R v Williams  NSWCCA 224, per Studdert J at , the Court of Criminal Appeal described as entirely
'responsible', the decision of instructing solicitors and counsel in a Special Hearing who raised the issue of mental illness, contrary to the wishes of the appellant. The appeal was not determined on this point but the judicial response is consistent with the notion that whilst a Special Hearing is to be conducted as nearly as possible to a trial, somewhat broader discretion than usual resides in counsel, to the extent that what might otherwise be regarded as instructions can be overridden.R v Paul Thomas Smith  NSWCCA 126, was another appeal arising from an appellant's complaint that counsel at a Special Hearing acted contrary to the appellant-client's wishes, in that case to give evidence as opposed to a dock statement, which the accused was still able to do given the age of the matter. James J, although dismissing the appeal, was of the opinion that (at ) the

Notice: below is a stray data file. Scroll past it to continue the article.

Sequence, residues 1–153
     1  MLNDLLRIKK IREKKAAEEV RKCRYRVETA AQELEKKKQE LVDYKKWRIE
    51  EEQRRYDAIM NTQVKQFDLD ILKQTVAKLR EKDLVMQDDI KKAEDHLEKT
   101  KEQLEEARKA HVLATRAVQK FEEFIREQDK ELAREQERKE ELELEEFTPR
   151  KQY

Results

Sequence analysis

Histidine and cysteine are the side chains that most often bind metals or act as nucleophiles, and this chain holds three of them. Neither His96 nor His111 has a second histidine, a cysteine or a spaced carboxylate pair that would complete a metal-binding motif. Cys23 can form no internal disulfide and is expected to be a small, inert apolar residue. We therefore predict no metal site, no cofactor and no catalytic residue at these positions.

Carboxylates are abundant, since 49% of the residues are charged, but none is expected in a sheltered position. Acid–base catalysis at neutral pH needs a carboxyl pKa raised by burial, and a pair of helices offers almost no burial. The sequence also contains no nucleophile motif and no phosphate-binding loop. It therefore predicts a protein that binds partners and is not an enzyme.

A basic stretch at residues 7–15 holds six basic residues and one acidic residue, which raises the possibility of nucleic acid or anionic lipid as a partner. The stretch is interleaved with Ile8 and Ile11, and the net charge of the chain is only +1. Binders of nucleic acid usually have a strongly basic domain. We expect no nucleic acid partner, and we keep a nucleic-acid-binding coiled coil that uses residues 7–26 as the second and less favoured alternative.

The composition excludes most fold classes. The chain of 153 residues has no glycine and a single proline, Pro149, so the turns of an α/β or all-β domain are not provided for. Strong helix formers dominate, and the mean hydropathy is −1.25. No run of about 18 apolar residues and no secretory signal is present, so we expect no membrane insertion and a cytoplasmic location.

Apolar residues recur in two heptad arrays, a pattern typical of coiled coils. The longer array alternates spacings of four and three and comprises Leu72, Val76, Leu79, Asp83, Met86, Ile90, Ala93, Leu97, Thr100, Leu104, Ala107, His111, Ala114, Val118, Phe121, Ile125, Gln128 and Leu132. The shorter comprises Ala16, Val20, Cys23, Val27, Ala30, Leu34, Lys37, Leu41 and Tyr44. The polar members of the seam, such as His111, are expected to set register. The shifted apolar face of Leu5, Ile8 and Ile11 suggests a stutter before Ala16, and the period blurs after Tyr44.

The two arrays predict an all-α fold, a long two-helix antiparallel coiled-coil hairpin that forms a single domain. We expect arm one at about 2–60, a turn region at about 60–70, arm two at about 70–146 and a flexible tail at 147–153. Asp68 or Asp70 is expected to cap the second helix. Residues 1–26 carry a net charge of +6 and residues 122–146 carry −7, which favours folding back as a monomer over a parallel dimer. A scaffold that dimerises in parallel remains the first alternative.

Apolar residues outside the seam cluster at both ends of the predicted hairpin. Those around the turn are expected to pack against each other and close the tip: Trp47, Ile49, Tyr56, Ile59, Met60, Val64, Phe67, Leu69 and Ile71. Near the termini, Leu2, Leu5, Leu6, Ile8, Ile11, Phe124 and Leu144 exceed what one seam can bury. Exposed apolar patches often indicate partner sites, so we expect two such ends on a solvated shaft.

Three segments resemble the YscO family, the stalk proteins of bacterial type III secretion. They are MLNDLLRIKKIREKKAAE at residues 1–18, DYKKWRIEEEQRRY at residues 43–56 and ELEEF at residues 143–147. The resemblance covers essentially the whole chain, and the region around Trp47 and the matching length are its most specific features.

'right' to give evidence was so
'fundamental' and not to be interfered with, absent clear legislative intention to permit some limitation or qualification of such rights.No implication of the above judicial pronouncements seems to permit counsel to ignore a plainly unfit client who, irrationally, seeks to dismiss counsel. This is unfortunate. There is no power in the Court to appoint counsel over the unfit, even palpably psychotic, accused's objection. One may well be in respectful agreement with James J in accepting this to be reality, absent clear legislative sanction for limiting a right, whilst asking whether parliament should now consider whether a 'right' exercised by a person who has been judicially determined to be incapable of participating in an ordinary trial process is merely something be way of a choice or a whim. The exercise of this kind of notional right may well undermine or destroy an underpinning right to a fair process. As I suggest later, the particular problem of the mentally unfit and unrepresented accused may well be deserving of response by the mechanism of statute law reform.
The Problem of the Unrepresented AccusedThe difficulties that the unrepresented accused represents, both for himself or herself and for the proper administration of justice are not to be underestimated. In
McInnis v R (1979) 143 CLR 575 at 589 Murphy J observed:The notion that an unrepresented accused can defend himself adequately goes against experience in all but the rarest cases. Even an experienced lawyer would be regarded as foolish to represent himself if accused of a serious crime.The substance of this prevailing view were examined further by Dawson J in